Assuntos
Epilepsia , Idade Paterna , Masculino , Feminino , Humanos , Adulto Jovem , Adulto , Adolescente , Pai , Fatores de Risco , Causalidade , Epilepsia/etiologia , Epilepsia/genética
10.
J Perinat Med ; 52(1): 58-64, 2024 Jan 29.
Artigo em Inglês | MEDLINE | ID: mdl-37596820

RESUMO

OBJECTIVES: The study's primary aim was to examine the relationship between paternal age and perinatal outcomes. METHODS: This study used data from two hospital birth registries to examine the association between paternal age and adverse perinatal outcomes. The sample included all live singleton births between 2010 and 2022. The primary exposure was paternal age, and the following perinatal outcomes were considered: mode of conception, mode of delivery, pregnancy complications, and neonatal outcomes. RESULTS: A total of 15,232 pregnant women were considered. Maternal and paternal ages were 31.9 ± 5.3 and 36.5 ± 6.5 years, respectively. Independent of maternal, paternal age was associated with lower odds of spontaneous conceptions (OR 0.930, 95 % CI 0.968/0.993; p=0.003) and higher odds of intracytoplasmatic sperm injection (OR 1.054, 95 % CI 1.045/1.062; p=0.0001), respectively. In contrast to maternal age, paternal age decreased the odds of any (OR 0.922, 95 % CI 0.985/0.999; p=0.032) and urgent/emergent (OR 0.984, 95 % CI 0.975/0.993; p=0.0001) cesarean delivery. Paternal age did not affect the gestation length, placental or neonatal weight, blood loss during delivery, and neonatal 5th-minute Apgar score. CONCLUSIONS: Paternal age is associated with perinatal outcomes. These findings suggest that advanced paternal age may have implications for reproductive counseling and prenatal care.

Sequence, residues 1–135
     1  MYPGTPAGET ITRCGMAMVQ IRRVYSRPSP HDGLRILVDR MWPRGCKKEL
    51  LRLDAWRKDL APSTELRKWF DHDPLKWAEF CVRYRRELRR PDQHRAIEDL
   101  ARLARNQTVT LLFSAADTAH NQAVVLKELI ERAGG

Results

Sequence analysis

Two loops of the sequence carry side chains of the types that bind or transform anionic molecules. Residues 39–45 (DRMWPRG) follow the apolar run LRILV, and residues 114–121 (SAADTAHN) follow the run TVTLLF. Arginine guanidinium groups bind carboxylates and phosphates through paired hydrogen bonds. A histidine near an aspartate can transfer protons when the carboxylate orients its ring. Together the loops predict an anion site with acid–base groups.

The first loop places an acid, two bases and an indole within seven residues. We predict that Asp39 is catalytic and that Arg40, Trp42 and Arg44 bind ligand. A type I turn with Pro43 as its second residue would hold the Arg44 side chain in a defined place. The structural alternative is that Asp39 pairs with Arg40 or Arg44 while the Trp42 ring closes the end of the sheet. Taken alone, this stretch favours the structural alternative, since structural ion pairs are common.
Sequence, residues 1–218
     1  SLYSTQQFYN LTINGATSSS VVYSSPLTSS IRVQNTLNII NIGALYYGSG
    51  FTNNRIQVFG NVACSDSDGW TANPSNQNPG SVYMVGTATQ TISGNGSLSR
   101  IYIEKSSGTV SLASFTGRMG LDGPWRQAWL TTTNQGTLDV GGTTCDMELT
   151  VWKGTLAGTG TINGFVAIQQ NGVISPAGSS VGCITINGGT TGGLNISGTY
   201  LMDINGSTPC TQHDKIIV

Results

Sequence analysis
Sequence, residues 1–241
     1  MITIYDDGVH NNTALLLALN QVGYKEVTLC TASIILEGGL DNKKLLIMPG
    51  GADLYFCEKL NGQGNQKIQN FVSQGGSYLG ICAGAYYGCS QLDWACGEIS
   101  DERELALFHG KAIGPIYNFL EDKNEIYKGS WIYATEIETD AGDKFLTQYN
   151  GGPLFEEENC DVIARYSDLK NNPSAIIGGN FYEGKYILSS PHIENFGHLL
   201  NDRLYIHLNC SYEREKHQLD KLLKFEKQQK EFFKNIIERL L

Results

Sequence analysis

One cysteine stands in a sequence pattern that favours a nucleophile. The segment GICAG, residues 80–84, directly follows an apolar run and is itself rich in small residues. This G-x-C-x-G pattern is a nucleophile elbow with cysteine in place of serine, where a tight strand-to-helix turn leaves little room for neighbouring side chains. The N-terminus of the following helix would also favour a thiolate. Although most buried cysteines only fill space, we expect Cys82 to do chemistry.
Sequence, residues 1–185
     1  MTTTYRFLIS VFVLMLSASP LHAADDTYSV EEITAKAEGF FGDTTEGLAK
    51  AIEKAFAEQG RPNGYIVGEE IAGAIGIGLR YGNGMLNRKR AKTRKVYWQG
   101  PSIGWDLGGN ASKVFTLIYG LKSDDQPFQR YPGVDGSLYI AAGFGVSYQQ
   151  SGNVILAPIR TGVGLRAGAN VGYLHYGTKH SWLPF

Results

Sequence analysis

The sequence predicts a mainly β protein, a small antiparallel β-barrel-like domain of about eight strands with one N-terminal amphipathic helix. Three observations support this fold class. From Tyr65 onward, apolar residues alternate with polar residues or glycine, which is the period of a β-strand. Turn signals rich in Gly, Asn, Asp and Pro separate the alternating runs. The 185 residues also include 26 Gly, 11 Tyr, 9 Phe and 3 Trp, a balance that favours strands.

Assuntos
Idade Paterna , Placenta , Recém-Nascido , Gravidez , Feminino , Masculino , Humanos , Sêmen , Parto , Idade Materna , Resultado da Gravidez/epidemiologia , Estudos Retrospectivos
11.
Am J Obstet Gynecol ; 230(3): 354.e1-354.e13, 2024 Mar.
Artigo em Inglês | MEDLINE | ID: mdl-37952870

RESUMO